What is Options Trading?

Options trading allows you buy and sell stocks, ETFs, etc. You can buy or sell stocks, ETFs, and other securities at a specified price, within a certain time period. This trading allows buyers to choose not to purchase the security at the given price or date.
Options trading is more complicated than stock trading but can make you much bigger profits if the security’s price goes up. Options contracts don’t require you to pay full price for security. Options trading, also known as a hedge, can limit your losses if security prices drop.

The right to purchase a security is called “Call”, while the right of selling is called “Put”.

These can be used as:

  • Options Trading: Leverage allows you to profit from fluctuations in share prices without having to lower the share price. You can have control of the shares but not buy them.
  • Hedging: These can be used to hedge against fluctuations in share prices and allow you to buy or sell shares at a fixed price for a specific period. Financial planning is an integral part of protecting yourself from market fluctuations. 

Options trading has its advantages but is more complicated than regular trading. To protect against losses, it requires a solid understanding of investment and trading strategies as well as continuous monitoring of market fluctuations.


Futures contracts reduce risks by setting a price for the underlying asset in the future. Options contracts do the exact same thing but without the obligation to purchase the futures contract.

An option contract seller is known as the “options writer”. Contrary to the buyer of an option contract, the seller does not have any rights and must sell assets at the agreed price if the buyer decides to execute the options contract before or on the agreed date. In exchange, the seller will pay an upfront payment.

At the time of an option contract being entered into, there is no physical exchange. Transactions are only recorded on the stock exchange through whom they are routed.

You have VIX Futures if you trade in NSE. This can help you measure volatility. Read more.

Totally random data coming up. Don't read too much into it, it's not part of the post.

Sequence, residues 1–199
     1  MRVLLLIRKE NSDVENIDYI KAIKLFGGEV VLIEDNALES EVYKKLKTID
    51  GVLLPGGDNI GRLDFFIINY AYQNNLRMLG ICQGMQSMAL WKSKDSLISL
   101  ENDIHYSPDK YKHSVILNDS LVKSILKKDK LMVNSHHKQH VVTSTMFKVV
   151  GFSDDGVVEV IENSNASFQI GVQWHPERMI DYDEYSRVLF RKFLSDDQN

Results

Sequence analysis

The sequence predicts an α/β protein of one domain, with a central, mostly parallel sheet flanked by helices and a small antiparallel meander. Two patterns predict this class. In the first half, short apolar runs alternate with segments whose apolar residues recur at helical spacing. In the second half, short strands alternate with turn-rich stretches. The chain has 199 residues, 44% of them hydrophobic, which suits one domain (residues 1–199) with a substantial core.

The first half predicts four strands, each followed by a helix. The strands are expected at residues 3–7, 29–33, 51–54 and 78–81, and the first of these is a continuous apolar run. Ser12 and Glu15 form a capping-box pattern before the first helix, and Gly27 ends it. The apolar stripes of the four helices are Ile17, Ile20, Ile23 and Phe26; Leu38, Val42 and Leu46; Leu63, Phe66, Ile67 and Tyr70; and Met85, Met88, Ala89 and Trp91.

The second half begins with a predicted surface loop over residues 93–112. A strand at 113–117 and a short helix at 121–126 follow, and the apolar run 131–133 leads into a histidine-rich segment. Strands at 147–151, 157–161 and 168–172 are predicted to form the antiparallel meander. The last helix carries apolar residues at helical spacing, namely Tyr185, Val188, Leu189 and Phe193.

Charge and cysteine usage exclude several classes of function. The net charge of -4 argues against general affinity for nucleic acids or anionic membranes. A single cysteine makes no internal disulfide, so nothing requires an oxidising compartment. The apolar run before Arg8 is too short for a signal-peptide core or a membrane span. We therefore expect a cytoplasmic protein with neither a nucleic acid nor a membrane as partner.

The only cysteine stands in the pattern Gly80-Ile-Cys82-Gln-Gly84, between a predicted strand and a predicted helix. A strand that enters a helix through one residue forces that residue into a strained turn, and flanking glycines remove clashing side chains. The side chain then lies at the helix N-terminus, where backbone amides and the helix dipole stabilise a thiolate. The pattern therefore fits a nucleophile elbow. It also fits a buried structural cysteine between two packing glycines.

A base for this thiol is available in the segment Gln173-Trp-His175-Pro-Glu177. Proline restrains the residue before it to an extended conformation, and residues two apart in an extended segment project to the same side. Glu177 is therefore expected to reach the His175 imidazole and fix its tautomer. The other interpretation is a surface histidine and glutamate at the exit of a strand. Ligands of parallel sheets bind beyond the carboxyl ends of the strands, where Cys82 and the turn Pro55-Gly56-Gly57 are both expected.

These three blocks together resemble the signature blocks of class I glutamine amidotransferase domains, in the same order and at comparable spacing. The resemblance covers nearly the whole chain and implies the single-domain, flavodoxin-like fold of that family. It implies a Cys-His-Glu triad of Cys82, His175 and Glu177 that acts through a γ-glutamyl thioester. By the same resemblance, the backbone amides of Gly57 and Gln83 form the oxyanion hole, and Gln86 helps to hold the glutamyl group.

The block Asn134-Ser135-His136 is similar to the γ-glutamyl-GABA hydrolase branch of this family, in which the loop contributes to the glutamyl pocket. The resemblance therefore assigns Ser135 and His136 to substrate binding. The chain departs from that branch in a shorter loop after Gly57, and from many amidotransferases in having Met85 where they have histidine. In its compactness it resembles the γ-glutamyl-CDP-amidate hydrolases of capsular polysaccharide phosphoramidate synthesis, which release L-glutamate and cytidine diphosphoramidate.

Many terms can seem foreign to traders who trade in the derivatives section. These are some Options-related terms you need to be familiar with.

  • Premium An upfront payment by the buyer to the seller in order to receive the benefits of an option contract.
  • Strike price / Exercise price: Pre-decided price at the asset can either be purchased or sold.
  • Strike price intervals: These indicate the different strike prices at each option contract. These are determined by which exchange the assets are traded.
    There are usually at least 11 strike price declarations for each type of option in any given month: 5 above the spot, 5 below the spot and 1 equivalent to the spot.

The following strike parameter is currently in effect for options contracts on individual securities in NSE Derivative section:

The strike-price interval would be:

The Basis
Closing price
Strike Price
No. No.
At the money-Out of the money
No. Additional strikes may be taken
Intraday access may be possible
Either direction
Not less than or equal to Rs.502.55-1-55
From Rs.50 up to Rs.10055-1-55
From Rs.100 up to Rs.250105-1-55
From Rs.250 up to Rs.500205-1-55
From Rs.500 up to Rs.10002010-1-1010
> Rs.10005010-1-1010


The number of options on index contracts is determined by the closing value of the index in the previous day. This table applies to the following:

Index LevelStrike IntervalScheme of Strike to Be Introduced
Up to 2000504-1-4
From 2001 to 40001006-1-6
From 4001 to 60001006-1-6

    An option contract that can be executed at a future date or earlier. You have three options contracts that you can choose from:
    • Nearly a month (1 month).
    • Mid Month (2 months).
    • Far Month (3 months).*Please note that Nifty index offers long term options. Futures & Options Contracts typically expire on Thursday of each month. After that date, they are deemed null.

    The terms “American” and “European” refer to the type and time of execution for an option contract. American options are Options that can be executed anytime before or after their expiration date. European options are Options that cannot be executed after the expiration date.
    Please be aware that only European options are available in India for trading.

    A lot size is a number of units of an underlying asset that are part of one F&O contract. Stock exchanges determine the standard lot size. It varies for each stock.
    E.g. Options contracts for Reliance Industries can have 250 shares in a lot.

    Open Interest is the sum of all outstanding positions in a particular option contract among all market participants at any one time. After the expiration date of a contract, Open Interest is null.

    Let’s look at an example: